Forgivness_and_Reconciliation_in_MarriageWith all the problems in this world, along with the mistakes each of us make throughout our life, the need to forgive arises almost daily.  However, forgiveness is often misunderstood and therefore, many times, it is not properly applied.  So knowing what forgiveness is and isn’t is of tremendous importance and can bring you and those you love to the light of a new day.

But a lack of this knowledge can hurt relationships in terrible ways.  The symptoms of such hurt may take form in a wide variety of negative characteristics, most notabely bitterness, envy, pride, and lust–though whatever symptom arises it always results in broken relationships.  To stay away from such relational disaster, we must learn how to rightly forgive.  With this, let’s take a look at what forgiveness is and isn’t.

Forgiveness does not excuse behavior. This is an important point, especially when you want to forgive someone for a great injustice.  We must realize that granting forgiveness does not mean that the injustice wasn’t grievous.  When someone apologizes to you, have you ever said, “It’s okay?”  I know I have.  And that’s normal to say when you are dealing with minor infractions.  But when someone abuses, cheats, lies, steals, etc., these things are not simply “okay” just because someone apologizes for them.  In these situations, things may never be okay again between you and that individual, but you can still forgive, while knowing that what they did was wrong and may carry many serious consequences with it.  This brings us to our next point.     

Forgiveness does not negate consequences. Let’s say I lie to my wife, but then feel convicted and apologize for lying.  While she may forgive me, it doesn’t mean that she trusts me.  The natural consequence of my action is a loss of trust; therefore, for my wife to trust me again, I must earn her trust back.  This has to do with justice, which can be pictured as en evenly balanced scale.  So, if I broke trust, I must earn trust.  If I was to break the law, I may still have to do the time for my crime, even though those I victimized may have forgiven me.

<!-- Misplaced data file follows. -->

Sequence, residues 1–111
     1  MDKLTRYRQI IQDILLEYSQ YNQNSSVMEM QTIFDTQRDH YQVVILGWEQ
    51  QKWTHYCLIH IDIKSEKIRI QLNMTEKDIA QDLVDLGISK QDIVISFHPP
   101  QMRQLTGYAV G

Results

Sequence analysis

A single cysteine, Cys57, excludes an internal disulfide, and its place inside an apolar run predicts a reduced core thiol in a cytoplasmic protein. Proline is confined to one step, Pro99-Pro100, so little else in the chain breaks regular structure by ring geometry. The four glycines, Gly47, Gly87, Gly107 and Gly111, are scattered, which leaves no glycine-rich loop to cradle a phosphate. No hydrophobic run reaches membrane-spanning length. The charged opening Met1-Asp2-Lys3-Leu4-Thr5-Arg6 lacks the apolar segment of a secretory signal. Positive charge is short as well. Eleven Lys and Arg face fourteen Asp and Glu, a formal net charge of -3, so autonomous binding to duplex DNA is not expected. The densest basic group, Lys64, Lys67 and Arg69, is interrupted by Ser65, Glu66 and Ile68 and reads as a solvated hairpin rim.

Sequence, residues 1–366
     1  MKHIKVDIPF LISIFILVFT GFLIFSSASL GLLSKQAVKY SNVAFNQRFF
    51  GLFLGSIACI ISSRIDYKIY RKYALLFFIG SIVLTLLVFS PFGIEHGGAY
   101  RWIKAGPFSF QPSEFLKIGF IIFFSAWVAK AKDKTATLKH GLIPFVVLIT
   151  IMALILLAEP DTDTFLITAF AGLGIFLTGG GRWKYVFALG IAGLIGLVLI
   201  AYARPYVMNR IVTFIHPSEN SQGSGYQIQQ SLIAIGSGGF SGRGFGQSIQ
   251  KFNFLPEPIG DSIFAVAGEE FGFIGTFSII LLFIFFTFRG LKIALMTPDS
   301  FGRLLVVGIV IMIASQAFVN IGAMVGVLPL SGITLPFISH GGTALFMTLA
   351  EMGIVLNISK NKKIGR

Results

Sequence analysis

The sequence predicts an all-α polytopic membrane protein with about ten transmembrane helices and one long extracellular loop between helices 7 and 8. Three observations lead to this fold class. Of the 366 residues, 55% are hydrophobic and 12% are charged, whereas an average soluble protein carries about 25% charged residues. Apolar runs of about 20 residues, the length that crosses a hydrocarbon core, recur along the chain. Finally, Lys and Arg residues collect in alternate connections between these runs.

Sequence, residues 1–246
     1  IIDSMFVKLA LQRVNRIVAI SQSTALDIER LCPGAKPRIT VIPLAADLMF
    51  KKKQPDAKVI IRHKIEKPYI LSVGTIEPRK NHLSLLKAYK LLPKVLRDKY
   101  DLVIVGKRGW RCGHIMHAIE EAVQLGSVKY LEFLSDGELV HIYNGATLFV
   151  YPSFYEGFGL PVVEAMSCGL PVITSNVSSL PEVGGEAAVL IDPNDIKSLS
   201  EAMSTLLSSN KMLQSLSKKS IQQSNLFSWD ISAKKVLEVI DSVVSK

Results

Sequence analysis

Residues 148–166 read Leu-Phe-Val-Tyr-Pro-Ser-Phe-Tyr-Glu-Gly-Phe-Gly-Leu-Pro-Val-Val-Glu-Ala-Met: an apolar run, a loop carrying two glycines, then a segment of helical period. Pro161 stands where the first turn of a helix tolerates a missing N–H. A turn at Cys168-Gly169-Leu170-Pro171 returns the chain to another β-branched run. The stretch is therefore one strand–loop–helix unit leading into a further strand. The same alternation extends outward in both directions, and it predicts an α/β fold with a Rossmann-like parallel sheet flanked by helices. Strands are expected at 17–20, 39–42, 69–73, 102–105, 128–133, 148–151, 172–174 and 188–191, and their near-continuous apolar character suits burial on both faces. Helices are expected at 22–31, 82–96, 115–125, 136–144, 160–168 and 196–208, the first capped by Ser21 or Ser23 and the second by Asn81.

Forgiveness does not equal reconciliation. How true this is because reconciliation takes two willing parties, but forgiveness only takes one.  To have a reconciled relationship, two individuals must each meet the other’s terms.  While this is great when it occurs, many relationships will not reach this stage.  For example, if I stole something from you, you may choose to forgive me, but it would be quite unwise of you to attempt to be reconciled to me if I continue to be a thief.  Being a doormat is never synonymous with forgiveness.  We should never allow a perpetrator to continue in his/her destructive patterns when they haven’t yet turned from them.

Forgiveness is not forgetting. This is a very common misperception.  I believe it arises from a Bible verse which states,”I, even I, am He who blots out your transgressions for my own sake, and remembers your sins no more” (Isaiah 43:25).  From this, we typically think that since God remembers our sins no more then we should also try to do the same for others.  There is one problem with this–forgetfulness is not an attribute of God.  On the contrary, God knows all things, and He asked us to not be forgetful.  What the above verse actually means when it says, “remembers,”is that God doesn’t hold us in light of our sins any longer.  So in applying this to our lives, we too can not hold people in light of their offense, but we are not asked to forget about it.   

Forgiveness should never come cheap. To forgive someone is a serious matter, and it should not be taken lightly.  Frankly, there are some things that hurt us so deeply that we are not yet ready to forgive.  In such a case, don’t offer up cheap forgiveness.  Only say that you forgive someone else if you really mean it.  Be honest with yourself and with them.  Forgiveness can be a process. 

Forgiveness is divine. Merriam-Webster defines forgiveness as “to give up resentment” or “to grant relief from payment.” In order to truly do this, one must trust in divine judgement.  This is really what forgiveness comes down to–letting go of your “right” to punish.  It is amazing how withholding forgiveness often hurts you more than it hurts your offender.  Resentment is a cancer of the heart.  This is one good reason we are called to forgive and also why we should forgive.  To be able to fully release a person to God and not harbor any hatred, anger, bitterness, or ill will toward them is truly a divine act.

I hope these tips help you along the path of right living.  Being a more forgiving person will brighten both your path and those whom you come into contact with.  Also, remember that forgiveness is not only important for others, but it is important for yourself.  Until next time.  (Comments and questions welcome.)